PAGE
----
On the other hand, the PIF message may not be forcibly articulated sufficiently. There can be a number of reasons for this. It is interesting to note however that in looking forward to COP26, the PIF Chair is calling on his fellow leaders “to reaffirm and uphold the commitment that we have made through the Kainaki Declaration and strive for ambitious climate action that positively responds to the indisputable scientific evidence that has been presented (to) us through the special IPCC reports.”
Will COP26 and subsequent ones be any different? It is difficult to be optimistic. Instead of flogging a dead horse at this multilateral level, PIF is best to change tack. It should divert some of its energy to seeking strong and supportive advocacy of its ‘climate change crisis’ message to other forms of multilateralism and even plurilateralism that are lot more attuned to listening and appreciating this message and are more likely to orchestrate with ease the forces of their advocacy in support. This can then carry over to the global conferences.
Engagements in North-South, South-South and Triangular Co-operations present specific opportunities for PIF to step up its game and win some kudos for its laudable stance on climate change.
North-South Cooperation by way of the ACP-EU Cooperation beckons immediately given the current negotiations for a new agreement to replace the Cotonou Agreement. In this context, PACP States in PIF are negotiating directly with the EU for a Pacific-EU Protocol. The timing is perfect. ACP States at their Nairobi summit last December agreed to ‘A Transformed ACP Committed to Multilateralism.’ As can be imagined, PIF can advance its stance on climate change through eliciting the support of the ACP Group as a whole and also directly with the EU via the Pacific-EU Protocol under negotiations.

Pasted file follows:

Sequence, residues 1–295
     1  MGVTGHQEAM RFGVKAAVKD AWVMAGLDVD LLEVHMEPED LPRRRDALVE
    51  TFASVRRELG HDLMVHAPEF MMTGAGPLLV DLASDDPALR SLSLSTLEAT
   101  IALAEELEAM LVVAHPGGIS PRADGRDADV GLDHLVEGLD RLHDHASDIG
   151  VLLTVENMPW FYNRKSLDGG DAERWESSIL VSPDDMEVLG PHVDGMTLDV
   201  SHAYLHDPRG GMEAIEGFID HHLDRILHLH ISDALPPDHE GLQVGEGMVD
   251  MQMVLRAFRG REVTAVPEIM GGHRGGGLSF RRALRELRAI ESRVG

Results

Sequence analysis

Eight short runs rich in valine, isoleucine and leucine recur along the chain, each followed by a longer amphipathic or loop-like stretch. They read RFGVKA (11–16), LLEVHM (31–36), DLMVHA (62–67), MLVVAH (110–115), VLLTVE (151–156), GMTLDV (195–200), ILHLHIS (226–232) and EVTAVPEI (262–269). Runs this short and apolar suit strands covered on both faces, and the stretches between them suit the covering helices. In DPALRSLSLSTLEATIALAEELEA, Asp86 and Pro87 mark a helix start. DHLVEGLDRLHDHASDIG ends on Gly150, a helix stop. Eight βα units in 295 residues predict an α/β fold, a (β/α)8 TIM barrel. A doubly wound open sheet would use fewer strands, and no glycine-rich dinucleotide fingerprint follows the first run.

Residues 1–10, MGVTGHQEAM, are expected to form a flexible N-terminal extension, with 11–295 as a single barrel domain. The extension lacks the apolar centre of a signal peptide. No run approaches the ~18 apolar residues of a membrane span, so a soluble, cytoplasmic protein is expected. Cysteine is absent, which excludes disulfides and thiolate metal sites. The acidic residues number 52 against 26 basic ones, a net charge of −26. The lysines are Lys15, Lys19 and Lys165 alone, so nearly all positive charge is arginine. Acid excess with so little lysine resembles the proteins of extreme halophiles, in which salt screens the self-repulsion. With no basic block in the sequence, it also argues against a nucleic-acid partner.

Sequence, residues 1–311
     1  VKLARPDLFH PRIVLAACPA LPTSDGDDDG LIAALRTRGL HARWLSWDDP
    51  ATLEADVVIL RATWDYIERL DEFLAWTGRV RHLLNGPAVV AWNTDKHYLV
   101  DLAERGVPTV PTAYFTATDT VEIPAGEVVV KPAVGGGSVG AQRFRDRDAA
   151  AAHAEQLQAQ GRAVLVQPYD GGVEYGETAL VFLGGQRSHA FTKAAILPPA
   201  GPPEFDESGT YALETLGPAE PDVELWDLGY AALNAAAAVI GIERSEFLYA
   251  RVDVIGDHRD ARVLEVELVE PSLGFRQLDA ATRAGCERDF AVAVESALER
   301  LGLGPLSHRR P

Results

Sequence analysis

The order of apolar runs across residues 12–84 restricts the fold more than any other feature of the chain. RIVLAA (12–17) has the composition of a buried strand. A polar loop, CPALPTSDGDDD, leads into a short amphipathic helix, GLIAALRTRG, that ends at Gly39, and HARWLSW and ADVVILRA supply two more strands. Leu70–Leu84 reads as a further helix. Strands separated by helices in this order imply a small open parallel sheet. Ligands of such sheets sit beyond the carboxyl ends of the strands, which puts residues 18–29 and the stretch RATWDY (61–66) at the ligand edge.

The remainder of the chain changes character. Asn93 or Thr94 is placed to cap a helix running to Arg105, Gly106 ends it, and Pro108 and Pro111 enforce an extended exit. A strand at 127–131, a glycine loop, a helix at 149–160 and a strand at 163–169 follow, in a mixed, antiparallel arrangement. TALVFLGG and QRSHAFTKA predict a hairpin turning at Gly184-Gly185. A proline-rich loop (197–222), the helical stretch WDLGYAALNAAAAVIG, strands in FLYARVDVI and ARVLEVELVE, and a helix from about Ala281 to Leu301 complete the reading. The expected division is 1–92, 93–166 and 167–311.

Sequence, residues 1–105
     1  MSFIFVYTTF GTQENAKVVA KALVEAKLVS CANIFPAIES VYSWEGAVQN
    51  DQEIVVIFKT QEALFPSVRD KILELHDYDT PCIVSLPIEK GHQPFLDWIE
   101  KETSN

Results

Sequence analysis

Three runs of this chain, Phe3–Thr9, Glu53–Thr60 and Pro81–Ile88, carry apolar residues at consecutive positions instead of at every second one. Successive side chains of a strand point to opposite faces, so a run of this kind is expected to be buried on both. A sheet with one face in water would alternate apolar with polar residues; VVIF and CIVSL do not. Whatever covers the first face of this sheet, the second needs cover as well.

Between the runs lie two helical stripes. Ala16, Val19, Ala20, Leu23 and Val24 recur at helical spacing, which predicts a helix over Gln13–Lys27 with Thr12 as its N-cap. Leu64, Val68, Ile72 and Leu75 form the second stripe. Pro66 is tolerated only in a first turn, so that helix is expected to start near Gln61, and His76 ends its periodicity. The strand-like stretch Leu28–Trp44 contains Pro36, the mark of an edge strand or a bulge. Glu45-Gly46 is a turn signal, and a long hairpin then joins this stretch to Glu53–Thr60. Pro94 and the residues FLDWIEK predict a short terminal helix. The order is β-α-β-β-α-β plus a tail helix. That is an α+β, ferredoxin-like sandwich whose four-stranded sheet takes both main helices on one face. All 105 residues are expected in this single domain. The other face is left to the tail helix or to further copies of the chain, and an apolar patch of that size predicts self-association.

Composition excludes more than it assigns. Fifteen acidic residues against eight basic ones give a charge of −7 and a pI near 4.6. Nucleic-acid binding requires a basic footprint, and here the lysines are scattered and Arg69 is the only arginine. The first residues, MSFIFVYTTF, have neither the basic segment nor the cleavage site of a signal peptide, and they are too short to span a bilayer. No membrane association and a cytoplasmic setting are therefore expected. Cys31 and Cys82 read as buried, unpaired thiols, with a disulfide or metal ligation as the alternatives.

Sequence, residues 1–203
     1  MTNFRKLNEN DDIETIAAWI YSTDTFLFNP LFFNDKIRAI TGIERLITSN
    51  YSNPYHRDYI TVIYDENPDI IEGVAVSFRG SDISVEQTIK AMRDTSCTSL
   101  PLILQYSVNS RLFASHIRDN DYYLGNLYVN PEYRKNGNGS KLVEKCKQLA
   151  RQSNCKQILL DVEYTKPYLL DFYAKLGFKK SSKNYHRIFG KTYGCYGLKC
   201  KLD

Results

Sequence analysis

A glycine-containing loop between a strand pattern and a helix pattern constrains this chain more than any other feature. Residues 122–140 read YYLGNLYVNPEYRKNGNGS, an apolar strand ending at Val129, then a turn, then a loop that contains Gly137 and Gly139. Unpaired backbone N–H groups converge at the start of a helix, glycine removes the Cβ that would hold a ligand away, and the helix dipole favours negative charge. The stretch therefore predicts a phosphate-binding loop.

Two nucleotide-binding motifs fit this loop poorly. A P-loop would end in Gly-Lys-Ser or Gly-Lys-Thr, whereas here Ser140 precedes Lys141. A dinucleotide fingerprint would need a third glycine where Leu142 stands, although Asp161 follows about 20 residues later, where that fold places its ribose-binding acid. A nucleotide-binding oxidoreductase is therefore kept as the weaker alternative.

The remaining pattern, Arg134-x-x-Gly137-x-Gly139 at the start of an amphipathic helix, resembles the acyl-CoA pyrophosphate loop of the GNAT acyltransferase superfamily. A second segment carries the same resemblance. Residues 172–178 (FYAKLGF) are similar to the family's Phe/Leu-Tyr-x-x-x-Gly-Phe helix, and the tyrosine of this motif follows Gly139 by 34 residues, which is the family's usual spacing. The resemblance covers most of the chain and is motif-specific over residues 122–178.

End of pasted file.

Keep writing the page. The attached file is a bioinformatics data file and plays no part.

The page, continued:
As regards South-South Co-operations, PIF, again, can elicit joint advocacy on its climate change stance either through the collective action of the ACP Group cooperating with other large South groups or through its own effort by cooperating on the basis of inter-regional south-south co-operations. The UN Office for South-South Co-operation (UNOSSC) is particularly active in facilitating this area of collaborative development. It is interesting to note that the Regional Coordinator of UNOSSC (Asia–Pacific), Mr. Denis Nkala paid a visit to the Pacific Islands Development Forum (PIDF) early in January this year. Mr Nkala also discussed the prospect of Triangular Cooperation.
Triangular Cooperation offers exciting prospects as well. The choice of partners can be specific to their respective commitment to climate change. The prospects and opportunities of a configuration comprising, say, of two youth groups cooperating triangularly with either a developed country partner or a multilateral organisation can be a source of great regional satisfaction.
For PIF, there is nothing to lose. It can only stand to gain if all through its multifaceted efforts as suggested above, there begins a concerted effort by the international community to limit warming to 1.5 degrees Celsius, as set out in the Paris Agreement. Only then can the Blue Pacific continent safely exist.
The author is a former Fijian ambassador and Foreign Minister and runs his own consultancy company in Suva, Fiji.